We were very open and honest with my two oldest at the time. Even as my two youngest ones came along they knew what cancer entails. That's what they grew up with. They knew that their mom periodically went through chemo treatments till the last round when I had to sit them down and tell them, "This is it. It's time for mom to go home." And that was hard. Very hard.

Q: I read something in a recent Columbus Dispatch story, where Stefanie's oncologist, Dr. Charles Shapiro said in regards to the money that has been raised: “Few non-doctors have touched the medical community as she has." What goes through your mind when you hear that?

Spielman: That she recognized what her mission in life was. First and foremost, she was a mother and a wife but also that she was a warrior against cancer and that she could make a positive difference and offer hope to many, many people. That she could be a fundraiser, and to have an impact that is far-reaching and helped so many people that I'll never know how many. Only she knows how many in my opinion.

Q: You were on the Wheaties box as a high school player, won as many awards as a linebacker can possibly win and had this terrific NFL career. With your profile, do you now look back upon it as a whole and consider perhaps there are some other reasons why you were able to attain such status as a football player?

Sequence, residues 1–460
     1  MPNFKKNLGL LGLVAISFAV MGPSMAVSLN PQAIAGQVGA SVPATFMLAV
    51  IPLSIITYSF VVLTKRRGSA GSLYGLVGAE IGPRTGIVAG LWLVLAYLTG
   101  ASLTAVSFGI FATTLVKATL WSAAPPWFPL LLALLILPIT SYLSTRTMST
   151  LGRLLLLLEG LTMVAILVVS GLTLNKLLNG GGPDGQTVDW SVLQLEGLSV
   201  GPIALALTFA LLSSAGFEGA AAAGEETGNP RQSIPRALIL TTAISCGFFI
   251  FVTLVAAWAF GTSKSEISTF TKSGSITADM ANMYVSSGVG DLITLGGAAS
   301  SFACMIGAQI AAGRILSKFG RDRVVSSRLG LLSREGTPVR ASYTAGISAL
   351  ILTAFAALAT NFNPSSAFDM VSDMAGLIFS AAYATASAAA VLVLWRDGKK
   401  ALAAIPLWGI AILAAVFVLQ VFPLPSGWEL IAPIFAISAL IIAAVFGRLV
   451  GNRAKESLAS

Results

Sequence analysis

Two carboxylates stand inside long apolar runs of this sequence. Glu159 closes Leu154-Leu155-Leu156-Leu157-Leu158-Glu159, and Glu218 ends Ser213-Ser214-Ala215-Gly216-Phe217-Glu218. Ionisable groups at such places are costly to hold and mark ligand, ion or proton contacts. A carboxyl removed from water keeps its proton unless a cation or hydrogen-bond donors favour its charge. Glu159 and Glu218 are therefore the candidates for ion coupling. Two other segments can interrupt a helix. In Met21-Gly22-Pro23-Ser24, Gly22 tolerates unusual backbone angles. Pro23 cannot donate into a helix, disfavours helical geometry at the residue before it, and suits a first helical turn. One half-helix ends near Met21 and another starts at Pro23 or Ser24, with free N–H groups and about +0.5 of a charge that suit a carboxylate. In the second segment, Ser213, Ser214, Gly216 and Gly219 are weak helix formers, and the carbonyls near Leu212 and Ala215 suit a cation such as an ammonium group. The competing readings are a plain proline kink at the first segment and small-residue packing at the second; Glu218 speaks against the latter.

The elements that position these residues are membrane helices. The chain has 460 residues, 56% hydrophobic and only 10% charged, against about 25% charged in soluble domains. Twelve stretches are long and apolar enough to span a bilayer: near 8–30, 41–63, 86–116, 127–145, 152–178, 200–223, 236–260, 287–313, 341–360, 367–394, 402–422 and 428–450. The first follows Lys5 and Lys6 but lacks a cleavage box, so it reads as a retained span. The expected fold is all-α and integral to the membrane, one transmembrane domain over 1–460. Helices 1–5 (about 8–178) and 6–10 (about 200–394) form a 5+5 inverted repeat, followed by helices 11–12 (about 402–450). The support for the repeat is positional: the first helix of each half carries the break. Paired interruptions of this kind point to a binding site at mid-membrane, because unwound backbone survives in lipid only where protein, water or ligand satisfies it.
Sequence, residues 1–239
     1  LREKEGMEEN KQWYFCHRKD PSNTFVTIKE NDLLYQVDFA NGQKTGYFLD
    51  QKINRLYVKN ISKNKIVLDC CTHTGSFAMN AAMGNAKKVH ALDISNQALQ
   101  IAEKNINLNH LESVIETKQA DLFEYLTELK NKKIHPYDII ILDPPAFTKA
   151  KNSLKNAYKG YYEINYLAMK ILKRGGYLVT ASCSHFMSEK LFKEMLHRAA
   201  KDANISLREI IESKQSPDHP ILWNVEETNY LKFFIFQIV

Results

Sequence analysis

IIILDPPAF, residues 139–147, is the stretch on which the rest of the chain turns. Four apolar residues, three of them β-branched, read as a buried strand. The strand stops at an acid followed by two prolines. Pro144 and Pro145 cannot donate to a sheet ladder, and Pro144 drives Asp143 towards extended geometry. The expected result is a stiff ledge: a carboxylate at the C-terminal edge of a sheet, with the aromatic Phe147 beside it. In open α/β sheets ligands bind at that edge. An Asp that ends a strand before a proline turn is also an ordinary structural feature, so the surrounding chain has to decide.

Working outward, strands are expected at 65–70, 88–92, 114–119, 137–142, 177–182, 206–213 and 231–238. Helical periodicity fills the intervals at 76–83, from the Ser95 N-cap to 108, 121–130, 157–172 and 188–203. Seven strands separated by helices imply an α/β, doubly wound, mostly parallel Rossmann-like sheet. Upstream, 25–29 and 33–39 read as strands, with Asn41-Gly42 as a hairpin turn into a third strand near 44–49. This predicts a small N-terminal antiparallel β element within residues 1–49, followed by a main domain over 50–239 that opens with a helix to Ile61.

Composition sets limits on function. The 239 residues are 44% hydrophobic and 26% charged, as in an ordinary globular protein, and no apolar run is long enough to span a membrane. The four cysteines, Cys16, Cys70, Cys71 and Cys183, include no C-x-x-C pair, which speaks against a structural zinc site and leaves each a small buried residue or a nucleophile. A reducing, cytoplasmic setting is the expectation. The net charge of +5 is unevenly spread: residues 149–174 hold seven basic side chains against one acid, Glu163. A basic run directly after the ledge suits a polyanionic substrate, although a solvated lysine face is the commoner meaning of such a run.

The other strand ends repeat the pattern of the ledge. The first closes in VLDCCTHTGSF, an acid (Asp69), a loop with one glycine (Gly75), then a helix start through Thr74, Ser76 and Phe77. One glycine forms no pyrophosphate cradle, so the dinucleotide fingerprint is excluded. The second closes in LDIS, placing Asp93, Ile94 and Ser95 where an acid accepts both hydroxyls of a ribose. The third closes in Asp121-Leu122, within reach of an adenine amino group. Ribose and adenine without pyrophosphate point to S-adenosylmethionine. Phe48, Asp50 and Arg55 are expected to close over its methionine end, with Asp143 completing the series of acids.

Spielman: Well, I think that it is no accident that everything that I went through from a young age, as you said, the Wheaties box and all that up to now, playing with injuries in the NFL, like everybody else, but having the persona of being a tough guy and training myself to be a dad, I think there are no accidents. I think every circumstance in our life leads up to a certain point and that's when you have to make a decision. I really believe that.

Q: How are your kids doing now? Your oldest, Maddie, sounds like a grown-up when you read her comments and her perspective on things.

Spielman: I think that they're very strong. Stefanie videotaped a message, "Never use my death as an excuse for anything except motivation for everything." They're human beings and they still struggle with the loss of a mother. But that being said, I used to pray for mercy in the healing for Stef. Instead I got mercy in how my kids have handled it because I see them laugh and smile every single day. I know they have challenges and they deal with them. But they also know that mom is helping them and how they remember her in her full glory, not how they remember her how she passed away. And I think that helps.

For more on the Stefanie Spielman Fund, click here.

Bruce Feldman is a senior writer for CBSSports.com and college football commentator for CBS Sports Network. He is a New York Times Bestselling author, who has written books including Swing Your Sword, Meat Market and Cane Mutiny. Prior to joining CBS, Feldman spent 17 years at ESPN.